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Fighting Chinch Bugs on Alberta Lawns

by Gabby Hyman, All About Lawns Columnist

Bentgrass, ryegrass, Kentucky Bluegrass, and Fine Fescue varieties remain a hearty cool-season favorite among Alberta homeowners planting new lawns. These varieties thrive in the summers in the province. But once temperatures rise regularly into the 20s (Celsius), most grass types grown in the region are prey to the chinch bug. With proper lawn care come springtime, you can fight back.

Chinch bugs are flying insects that produce larvae that nest in the stems of your grass. Typically, they'll fly in from nearby Alberta prairie areas, golf courses, or other infected lawns and set up housekeeping in your neighborhood. They drop their sharp beaks into your lawn and start gulping down nutrients.
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Adult Chinch bugs are black with white wings, and grow to about a fifth of an inch in length. In the first two weeks they visit, Chinch bug queens will lay up to 500 eggs in your lawn and the party is on. They love sun-lit areas, and that's where you'll find the brown halos with a yellowish ring where the lawn has been strip-mined of nutrients.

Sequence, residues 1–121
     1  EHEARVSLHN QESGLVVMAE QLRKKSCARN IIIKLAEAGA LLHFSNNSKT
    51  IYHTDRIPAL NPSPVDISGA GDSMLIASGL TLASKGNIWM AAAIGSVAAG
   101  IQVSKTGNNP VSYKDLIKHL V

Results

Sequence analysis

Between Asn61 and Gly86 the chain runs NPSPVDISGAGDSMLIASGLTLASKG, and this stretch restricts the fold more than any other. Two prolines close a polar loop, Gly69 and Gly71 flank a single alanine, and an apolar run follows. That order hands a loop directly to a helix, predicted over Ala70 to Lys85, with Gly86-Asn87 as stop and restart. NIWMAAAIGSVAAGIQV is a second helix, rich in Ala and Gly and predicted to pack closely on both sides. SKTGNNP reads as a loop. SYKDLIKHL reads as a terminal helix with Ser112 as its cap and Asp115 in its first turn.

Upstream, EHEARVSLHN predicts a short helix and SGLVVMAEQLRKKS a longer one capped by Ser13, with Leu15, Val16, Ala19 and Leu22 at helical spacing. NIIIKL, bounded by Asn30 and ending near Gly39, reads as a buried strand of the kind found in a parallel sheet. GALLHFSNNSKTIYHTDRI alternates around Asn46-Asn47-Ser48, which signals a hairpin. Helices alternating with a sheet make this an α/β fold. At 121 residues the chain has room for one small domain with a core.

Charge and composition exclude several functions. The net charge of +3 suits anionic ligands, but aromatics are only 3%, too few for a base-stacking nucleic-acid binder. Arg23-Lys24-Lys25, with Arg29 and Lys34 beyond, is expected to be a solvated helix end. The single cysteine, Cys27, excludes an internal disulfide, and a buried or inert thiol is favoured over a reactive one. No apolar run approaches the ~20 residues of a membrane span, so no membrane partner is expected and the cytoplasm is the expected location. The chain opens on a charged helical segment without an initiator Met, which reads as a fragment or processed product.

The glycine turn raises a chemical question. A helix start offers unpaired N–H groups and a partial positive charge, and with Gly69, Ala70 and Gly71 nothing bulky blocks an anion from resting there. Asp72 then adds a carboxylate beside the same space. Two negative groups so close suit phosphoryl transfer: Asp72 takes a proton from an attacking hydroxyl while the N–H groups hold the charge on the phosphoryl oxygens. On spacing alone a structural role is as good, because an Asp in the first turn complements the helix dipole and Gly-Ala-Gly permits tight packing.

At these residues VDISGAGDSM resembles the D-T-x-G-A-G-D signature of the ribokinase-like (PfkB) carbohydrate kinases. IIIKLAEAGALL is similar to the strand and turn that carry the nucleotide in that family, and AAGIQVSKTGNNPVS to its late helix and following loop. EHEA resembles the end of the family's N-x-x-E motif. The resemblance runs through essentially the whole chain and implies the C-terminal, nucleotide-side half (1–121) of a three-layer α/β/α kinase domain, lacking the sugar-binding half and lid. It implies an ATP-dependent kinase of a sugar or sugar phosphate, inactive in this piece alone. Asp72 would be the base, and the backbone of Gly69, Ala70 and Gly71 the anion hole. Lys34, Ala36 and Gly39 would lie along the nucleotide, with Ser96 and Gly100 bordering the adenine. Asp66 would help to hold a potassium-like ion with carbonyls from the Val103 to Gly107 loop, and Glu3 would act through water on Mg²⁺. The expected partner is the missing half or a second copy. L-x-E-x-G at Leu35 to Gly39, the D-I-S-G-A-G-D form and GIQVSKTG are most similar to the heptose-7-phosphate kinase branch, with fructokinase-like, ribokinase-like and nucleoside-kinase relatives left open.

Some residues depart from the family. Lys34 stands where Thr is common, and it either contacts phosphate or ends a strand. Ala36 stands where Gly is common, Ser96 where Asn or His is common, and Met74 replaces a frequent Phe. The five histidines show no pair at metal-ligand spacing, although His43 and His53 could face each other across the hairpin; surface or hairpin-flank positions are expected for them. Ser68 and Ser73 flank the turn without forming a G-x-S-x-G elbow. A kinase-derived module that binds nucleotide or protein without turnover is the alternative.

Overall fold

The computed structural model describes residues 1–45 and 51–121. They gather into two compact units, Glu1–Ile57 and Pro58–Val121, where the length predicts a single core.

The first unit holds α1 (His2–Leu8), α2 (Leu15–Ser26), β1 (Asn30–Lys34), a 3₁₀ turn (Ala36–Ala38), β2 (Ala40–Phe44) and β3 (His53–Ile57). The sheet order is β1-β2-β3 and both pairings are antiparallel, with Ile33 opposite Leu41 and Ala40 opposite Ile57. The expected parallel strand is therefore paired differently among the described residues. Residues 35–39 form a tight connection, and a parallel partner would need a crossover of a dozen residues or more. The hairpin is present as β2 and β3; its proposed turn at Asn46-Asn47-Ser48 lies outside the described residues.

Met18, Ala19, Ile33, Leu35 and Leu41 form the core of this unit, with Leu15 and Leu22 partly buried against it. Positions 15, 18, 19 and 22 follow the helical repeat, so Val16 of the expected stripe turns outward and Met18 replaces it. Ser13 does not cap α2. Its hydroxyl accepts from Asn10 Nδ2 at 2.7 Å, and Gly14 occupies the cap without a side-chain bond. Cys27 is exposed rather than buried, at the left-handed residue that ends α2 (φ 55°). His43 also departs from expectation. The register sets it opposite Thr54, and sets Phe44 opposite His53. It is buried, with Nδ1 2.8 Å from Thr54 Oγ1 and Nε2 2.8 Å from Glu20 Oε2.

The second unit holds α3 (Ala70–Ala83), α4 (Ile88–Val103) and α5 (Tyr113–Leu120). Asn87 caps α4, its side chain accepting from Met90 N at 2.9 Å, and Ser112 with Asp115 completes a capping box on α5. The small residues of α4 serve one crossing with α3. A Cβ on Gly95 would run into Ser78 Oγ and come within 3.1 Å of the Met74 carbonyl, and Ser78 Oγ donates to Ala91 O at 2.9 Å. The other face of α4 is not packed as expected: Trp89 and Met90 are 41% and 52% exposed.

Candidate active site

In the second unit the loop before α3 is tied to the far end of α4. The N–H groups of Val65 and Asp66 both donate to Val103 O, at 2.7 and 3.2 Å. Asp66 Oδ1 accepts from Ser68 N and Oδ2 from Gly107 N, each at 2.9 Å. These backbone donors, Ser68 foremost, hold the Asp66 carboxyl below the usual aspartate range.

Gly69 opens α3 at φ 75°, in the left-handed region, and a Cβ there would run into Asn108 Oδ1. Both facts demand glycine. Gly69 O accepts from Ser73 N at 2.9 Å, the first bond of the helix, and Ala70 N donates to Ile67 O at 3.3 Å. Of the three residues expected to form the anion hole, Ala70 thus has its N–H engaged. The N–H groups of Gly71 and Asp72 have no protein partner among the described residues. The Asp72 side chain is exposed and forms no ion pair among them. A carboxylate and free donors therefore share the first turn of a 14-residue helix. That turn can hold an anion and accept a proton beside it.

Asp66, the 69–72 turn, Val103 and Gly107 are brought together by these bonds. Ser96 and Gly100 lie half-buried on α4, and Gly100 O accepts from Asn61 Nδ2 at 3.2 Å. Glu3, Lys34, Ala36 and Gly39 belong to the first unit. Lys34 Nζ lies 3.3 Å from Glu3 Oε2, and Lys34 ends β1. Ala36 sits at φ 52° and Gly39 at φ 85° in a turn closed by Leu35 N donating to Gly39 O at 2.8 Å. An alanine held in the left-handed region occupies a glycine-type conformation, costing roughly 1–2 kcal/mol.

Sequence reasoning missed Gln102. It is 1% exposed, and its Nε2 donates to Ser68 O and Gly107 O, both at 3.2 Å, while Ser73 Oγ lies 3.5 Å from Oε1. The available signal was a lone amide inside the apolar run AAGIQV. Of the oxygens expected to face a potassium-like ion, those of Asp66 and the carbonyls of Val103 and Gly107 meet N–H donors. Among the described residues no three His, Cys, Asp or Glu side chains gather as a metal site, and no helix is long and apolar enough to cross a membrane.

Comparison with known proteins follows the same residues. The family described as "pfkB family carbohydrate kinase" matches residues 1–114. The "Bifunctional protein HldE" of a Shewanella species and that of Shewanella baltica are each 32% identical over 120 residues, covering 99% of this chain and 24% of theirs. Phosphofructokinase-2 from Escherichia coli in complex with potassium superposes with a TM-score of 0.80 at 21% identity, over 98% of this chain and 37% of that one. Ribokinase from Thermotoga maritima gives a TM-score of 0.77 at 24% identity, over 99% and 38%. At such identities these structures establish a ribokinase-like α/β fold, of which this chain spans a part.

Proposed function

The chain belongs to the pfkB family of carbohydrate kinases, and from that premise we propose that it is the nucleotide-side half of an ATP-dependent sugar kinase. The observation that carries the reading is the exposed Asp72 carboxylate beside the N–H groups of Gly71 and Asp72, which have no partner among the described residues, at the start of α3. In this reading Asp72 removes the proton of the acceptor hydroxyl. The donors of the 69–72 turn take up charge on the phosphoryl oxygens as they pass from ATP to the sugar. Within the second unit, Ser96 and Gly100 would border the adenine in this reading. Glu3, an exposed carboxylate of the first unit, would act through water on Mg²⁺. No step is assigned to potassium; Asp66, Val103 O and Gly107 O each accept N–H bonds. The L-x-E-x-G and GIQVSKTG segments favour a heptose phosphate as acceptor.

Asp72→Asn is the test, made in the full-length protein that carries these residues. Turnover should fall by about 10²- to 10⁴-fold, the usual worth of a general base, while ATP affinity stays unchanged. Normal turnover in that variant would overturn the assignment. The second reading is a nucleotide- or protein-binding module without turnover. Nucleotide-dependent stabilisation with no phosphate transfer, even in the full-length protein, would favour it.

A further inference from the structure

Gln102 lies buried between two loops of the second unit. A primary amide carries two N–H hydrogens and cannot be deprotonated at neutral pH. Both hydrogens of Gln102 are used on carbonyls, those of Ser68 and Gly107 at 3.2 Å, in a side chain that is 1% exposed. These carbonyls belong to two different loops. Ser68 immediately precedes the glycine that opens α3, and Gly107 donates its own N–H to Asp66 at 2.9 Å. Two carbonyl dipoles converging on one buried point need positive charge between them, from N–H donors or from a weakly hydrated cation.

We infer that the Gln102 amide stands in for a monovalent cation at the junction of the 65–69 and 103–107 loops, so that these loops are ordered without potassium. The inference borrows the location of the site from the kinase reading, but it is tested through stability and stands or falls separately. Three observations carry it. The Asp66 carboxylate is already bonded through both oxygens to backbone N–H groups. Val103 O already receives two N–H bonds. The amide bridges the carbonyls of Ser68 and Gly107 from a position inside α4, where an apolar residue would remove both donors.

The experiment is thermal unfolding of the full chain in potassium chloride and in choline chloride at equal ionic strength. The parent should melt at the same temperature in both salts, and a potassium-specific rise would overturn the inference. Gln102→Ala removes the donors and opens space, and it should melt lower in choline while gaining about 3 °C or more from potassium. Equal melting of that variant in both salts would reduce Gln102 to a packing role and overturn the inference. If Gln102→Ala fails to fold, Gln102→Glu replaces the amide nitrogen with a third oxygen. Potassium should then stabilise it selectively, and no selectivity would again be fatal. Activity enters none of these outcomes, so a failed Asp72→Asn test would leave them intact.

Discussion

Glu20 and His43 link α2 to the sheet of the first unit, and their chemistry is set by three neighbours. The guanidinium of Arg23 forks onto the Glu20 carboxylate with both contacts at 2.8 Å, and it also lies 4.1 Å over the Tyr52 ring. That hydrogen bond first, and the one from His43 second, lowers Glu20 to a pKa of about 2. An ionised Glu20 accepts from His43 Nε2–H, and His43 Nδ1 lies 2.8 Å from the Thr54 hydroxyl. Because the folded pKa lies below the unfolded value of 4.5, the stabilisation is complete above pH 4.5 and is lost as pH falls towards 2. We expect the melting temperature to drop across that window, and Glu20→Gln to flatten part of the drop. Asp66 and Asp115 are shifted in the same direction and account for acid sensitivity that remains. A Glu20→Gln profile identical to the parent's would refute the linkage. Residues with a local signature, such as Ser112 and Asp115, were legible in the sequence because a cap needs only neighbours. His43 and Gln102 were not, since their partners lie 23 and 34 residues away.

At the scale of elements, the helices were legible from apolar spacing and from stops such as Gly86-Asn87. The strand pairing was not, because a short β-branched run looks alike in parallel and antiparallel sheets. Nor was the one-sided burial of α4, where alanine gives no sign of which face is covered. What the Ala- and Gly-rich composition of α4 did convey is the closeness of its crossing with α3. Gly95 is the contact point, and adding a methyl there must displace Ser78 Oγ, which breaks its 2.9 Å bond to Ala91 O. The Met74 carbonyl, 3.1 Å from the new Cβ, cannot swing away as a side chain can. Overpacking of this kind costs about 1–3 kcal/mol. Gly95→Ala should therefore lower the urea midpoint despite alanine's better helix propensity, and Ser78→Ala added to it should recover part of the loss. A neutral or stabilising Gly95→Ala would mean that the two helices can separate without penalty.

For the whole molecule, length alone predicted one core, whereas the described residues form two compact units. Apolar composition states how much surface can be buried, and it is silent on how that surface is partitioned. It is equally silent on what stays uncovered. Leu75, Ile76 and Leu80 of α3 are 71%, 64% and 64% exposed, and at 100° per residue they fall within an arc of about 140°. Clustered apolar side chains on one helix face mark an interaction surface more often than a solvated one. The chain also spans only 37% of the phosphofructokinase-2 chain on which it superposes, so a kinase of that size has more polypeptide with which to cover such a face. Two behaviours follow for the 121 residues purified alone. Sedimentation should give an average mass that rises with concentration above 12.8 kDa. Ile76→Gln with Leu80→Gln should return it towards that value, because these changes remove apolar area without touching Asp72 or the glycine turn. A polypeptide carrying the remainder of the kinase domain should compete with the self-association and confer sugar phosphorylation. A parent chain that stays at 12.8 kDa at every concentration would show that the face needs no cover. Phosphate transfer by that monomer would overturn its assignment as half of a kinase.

Thatch Removal and Lawn Insecticides Are Key

Since DDT was heaped on Chinch bungs in the 1950s, these highly adaptive insects have developed powerful tolerances to everything homeowners have sprayed on them. Lawn care experts now feel that Talstar is the most effective insecticide. Be sure to water the lawn really well before and after you apply any insecticide.

Since the bugs often over-winter in high thatch, annual thatch removal is one key in keeping down spring infestations. And using a relatively low amount of nitrogen will also keep them at bay, since they really prefer lawns with high nitrogen content.

Keep vigilant. Chinch bugs can produce two to four generations of young hatchlings a year.

Sources



About the Author
Gabby Hyman has created online strategies and written content for Fortune 500 companies including eToys, GoTo.com, Siebel Systems, Microsoft Encarta, Avaya, and Nissan UK.

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